Cuban president Miguel Díaz-Canel gives first speech in Assembly
The Cuban National Assembly has formally elected Miguel Díaz-Canel as the country’s new president.
The vote on Thursday marked the end of an era for Cuba, making Díaz-Canel the first person outside the Castro family to rule the country in 59 years.
“The mandate given by the people to this house is to give continuity to the Cuban revolution in a crucial historic moment,” said Díaz-Canel during his first speech as president at the National Assembly.
“What we’re seeing here which is fascinating, is a new chapter with the same text,” said Lucia Newman, Al Jazeera’s Latin America Editor, reporting from Havana.
Raul Castro, the previous president, stepped down after two five-year terms.
Raul is the brother of the late Fidel Castro, who overthrew dictator Fulgencio Batista in the 1959 revolution and led the country for decades.
“Most Cubans observers also know that with Raul Castro stepping aside, there wasn’t going to be a major change,” our correspondent said.
Díaz-Canel’s nomination as the head of the 31-member Council of State was officially confirmed on Thursday. He was the only candidate.
The Castro family had ruled the socialist nation since the 1959 revolution.
Castro will remain the head of the ruling Communist Party until 2021 and is expected to continue to play an important role in policy decisions.
“I think one of the reasons why Díaz-Canel was an obvious candidate was because he’s respected, he is clearly ideologically-sound,” Antoni Kapcia, a professor of Latin America History at the University of Nottingham, told Al Jazeera.
“The government is unlikely to do anything which is significantly against what they know Raul Castro to want.”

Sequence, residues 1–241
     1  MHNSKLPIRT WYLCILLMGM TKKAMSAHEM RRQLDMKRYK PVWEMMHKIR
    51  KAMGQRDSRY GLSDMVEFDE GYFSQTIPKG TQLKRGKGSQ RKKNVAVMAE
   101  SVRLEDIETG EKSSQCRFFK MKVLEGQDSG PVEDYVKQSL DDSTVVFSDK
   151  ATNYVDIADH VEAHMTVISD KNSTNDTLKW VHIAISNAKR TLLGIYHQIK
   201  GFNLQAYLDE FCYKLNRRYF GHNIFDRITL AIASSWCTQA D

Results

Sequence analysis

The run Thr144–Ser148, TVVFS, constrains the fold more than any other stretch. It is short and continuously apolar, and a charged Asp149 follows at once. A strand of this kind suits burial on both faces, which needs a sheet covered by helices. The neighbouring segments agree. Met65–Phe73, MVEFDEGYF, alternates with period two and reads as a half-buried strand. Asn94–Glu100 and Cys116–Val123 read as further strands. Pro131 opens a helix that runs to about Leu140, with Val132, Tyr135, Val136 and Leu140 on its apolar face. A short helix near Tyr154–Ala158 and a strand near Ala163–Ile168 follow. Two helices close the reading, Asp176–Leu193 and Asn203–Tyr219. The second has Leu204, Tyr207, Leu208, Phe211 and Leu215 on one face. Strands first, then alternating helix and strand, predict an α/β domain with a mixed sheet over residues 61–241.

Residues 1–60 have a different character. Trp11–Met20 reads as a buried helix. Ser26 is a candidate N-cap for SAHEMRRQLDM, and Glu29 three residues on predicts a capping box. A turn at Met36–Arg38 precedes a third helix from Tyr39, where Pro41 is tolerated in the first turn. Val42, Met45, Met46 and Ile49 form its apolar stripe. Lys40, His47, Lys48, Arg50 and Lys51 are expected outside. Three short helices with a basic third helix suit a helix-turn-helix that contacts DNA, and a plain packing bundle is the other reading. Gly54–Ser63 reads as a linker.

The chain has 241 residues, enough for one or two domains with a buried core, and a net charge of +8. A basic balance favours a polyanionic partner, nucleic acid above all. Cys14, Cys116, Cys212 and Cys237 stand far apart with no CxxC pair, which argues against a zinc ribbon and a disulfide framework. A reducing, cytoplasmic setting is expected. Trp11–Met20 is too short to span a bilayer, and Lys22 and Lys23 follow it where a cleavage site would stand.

Al Jazeera’s Newman said: “The Communist Party of Cuba is more important than the National Assembly or even the Council of State.
“They set the guidelines for the country and Raul Castro is going to remain as head of that all-powerful Communist Party. So certainly Díaz-Canel is not going to be able to run off to become the great reformer, even if he wanted to – and, from what we understand, that is not his position.
“This is a story of continuity foretold.”
In his speech, Díaz-Canel said: “There is no space here for a transition that ignores or destroys the legacy of so many years of struggle.”
The transfer of power comes at a precarious time in Cuba’s history. Cuban allies in Latin America have been voted out of government positions across the region in recent years.
“Cuban foreign policy will remain unchanged and we reiterate that no one will be able to weaken the Revolution, nor make the Cuban people yield because Cuba does not make concessions against its sovereignty and independence” said Díaz-Canel.
“We will never give in to pressure or threats. The changes that are necessary will continue to be decided sovereignly by the Cuban people.
Limits of detente
Kapcia said: “The deterioration in relations has entirely come from the US point of view. The Cubans very clearly want proper relations with the US. They welcomed Obama.
“They also knew the limits of the Obama detente and they are cautious.
“But at the same it’s in their interest to have some kind of end to the embargo, to have normal relations and to avoid a hostility.”
Cuba facing economic difficulties after Raul, who succeeded his brother Fidel as president in 2008, initiated market-style reforms that were agreed to in 2011.
Though the reforms caused a boom in the Cuban economy, they have since slowed.
“Despite the errors and insufficiencies recognised in this plenary, the situation is more favourable than a few years ago,” Castro, 86, was quoted as saying by party newspaper Granma.
Political campaigning is outlawed in Cuba, so little is known about Díaz-Canel’s plans to navigate these challenges.
However, there is reason to believe the president will continue with liberalising social policies, given his past support for LGBT rights, expanded internet access and loosening government controls on media.
Still, Díaz-Canel is not known to support changing Cuba’s government from the one-party system in place since the revolution, a demand from anti-Castro politicians in the US.
According to Ted Piccone, a senior fellow at the Brookings Institution, the Trump administration will most probably “double down” on its “embrace of punitive regime change” in Cuba after Díaz-Canel assumes power.
(From Al Jazeera)